4.  Duty of Candour/Apologies

A new stated aim of the protocol appears at paragraph 2.2(b):

“to provide an opportunity for healthcare providers to identify whether notification of a notifiable safety incident has been, or should be, sent to the claimant in accordance with the duty of candour…………”

In short, the consideration of a claim at the pre-action stage affords the defendant a further opportunity to consider if an “unintended or unexpected incident” resulting in harm has occurred.  If such an incident has occurred then ‘the duty of candour’[1] provides that all of the facts should be given to the patient about the event and that an apology should be forthcoming.   This could greatly assist the claimant in pursuing their claim.

It is of course a criminal offence for the health service body not to notify the patient of the safety incident and offer an apology.  

Encouraging the offering of an apology is mentioned again, this time outside of the obligation under the duty of candour at paragraph 2.2(l).  To my mind an apology is distinct from an admission or finding of breach of duty and the payment of damages, which are really the only functions of a tortious claim.  It is certainly noteworthy that the protocol encourages the defendant to go further than their ordinary tortious obligations.

5.  Litigants in Person

Claimants and defendants do from time to time act as a litigant in person.  Paragraph 1.8 provides that a litigant in person will be expected to follow the protocol, however, the represented party should send a copy of the protocol to the litigant in person as soon as possible.

6.  ADR

Arbitration is mentioned as a possible alternative to litigation in relation to clinical disputes for the first time.  More longstanding alternatives of mediation and early neutral evaluation are rarely utilised and it is hard to imagine that arbitration will be any more popular.

There are numerous other amendments and additions, but the above outlines those which I consider to be the most significant.

[1] Regulation 20(4) of the Health and Social Care Act 2008 (Regulated Activities) Regulations 2014

New Part 36 Rules – What’s Changed?

Part 36 of the Civil Procedure Rules has been amended once more, with all offers made on or after 6 April 2015 subject to the new regime.  But what do the new rules entail?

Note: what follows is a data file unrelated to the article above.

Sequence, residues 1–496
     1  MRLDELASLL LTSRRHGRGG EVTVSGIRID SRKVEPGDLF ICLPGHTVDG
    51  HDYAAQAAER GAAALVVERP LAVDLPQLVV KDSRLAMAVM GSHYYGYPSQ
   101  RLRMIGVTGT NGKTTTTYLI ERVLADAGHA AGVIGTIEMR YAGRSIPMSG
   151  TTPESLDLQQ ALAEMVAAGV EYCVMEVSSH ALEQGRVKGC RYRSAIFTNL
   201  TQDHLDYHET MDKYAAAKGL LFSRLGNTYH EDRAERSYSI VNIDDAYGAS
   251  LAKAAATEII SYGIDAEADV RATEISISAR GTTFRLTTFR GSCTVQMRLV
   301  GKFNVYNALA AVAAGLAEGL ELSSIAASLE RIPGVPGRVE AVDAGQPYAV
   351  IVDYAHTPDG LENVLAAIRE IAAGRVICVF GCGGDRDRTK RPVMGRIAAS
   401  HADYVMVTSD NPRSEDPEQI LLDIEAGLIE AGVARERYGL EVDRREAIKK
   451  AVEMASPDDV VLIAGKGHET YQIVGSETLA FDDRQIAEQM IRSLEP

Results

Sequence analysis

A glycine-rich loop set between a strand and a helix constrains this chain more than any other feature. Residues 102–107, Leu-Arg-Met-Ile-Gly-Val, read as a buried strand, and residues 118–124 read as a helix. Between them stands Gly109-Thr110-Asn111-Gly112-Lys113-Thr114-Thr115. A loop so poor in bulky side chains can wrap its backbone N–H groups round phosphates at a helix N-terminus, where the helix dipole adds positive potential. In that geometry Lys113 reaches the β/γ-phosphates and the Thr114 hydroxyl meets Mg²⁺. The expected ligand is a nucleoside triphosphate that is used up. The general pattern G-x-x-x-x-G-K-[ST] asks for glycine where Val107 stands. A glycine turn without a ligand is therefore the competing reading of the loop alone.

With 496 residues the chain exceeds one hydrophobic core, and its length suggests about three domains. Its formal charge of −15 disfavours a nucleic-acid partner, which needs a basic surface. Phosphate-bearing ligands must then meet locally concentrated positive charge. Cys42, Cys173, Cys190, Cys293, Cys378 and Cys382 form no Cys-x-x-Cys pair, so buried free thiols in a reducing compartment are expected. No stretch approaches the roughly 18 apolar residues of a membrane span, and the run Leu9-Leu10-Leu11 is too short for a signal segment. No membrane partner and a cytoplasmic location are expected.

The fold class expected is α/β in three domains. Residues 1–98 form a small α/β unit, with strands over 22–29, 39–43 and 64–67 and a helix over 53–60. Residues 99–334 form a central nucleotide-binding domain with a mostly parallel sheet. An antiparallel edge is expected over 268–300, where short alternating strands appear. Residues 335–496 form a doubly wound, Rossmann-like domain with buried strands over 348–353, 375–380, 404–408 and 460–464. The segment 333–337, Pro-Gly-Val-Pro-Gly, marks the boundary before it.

1.   Time Limited Offers

CPR 36.9(4)(b) now permits an offer to be “automatically withdrawn in accordance with its terms” after the end of the relevant specified period of acceptance.

This marks a departure from the previous rule 36(3)(6) which provided that any withdrawal of an offer must be communicated after the end of the specified period of acceptance.

Offers with terms now expressed as ‘this offer shall remain open for acceptance for a period of 21 days, after which time it is automatically withdrawn’ are now valid in their entirety.  No further steps need be taken to formally withdraw the offer after the end of the relevant period.

Note however that the new rule 36.9(4)(b) does not provide that all offers are automatically withdrawn after the end of the specified period.  It merely provides that stating that an offer is subject to automatic withdrawal is now permitted.

2.  Improved Offers

CPR 36.9(5) provides that where the offeror changes the terms of a Part 36 offer to make it more advantageous to the opposing party, such an offer will be regarded as a new offer rather than a withdrawal or amendment of the original offer.

A series of distinct improved offers remain regarded as multiple offers, any one of which may be accepted, and attract costs consequences, if not withdrawn. The former rule 36.7(2) provided that a change in terms of a specific Part 36 offer was an amendment to one offer.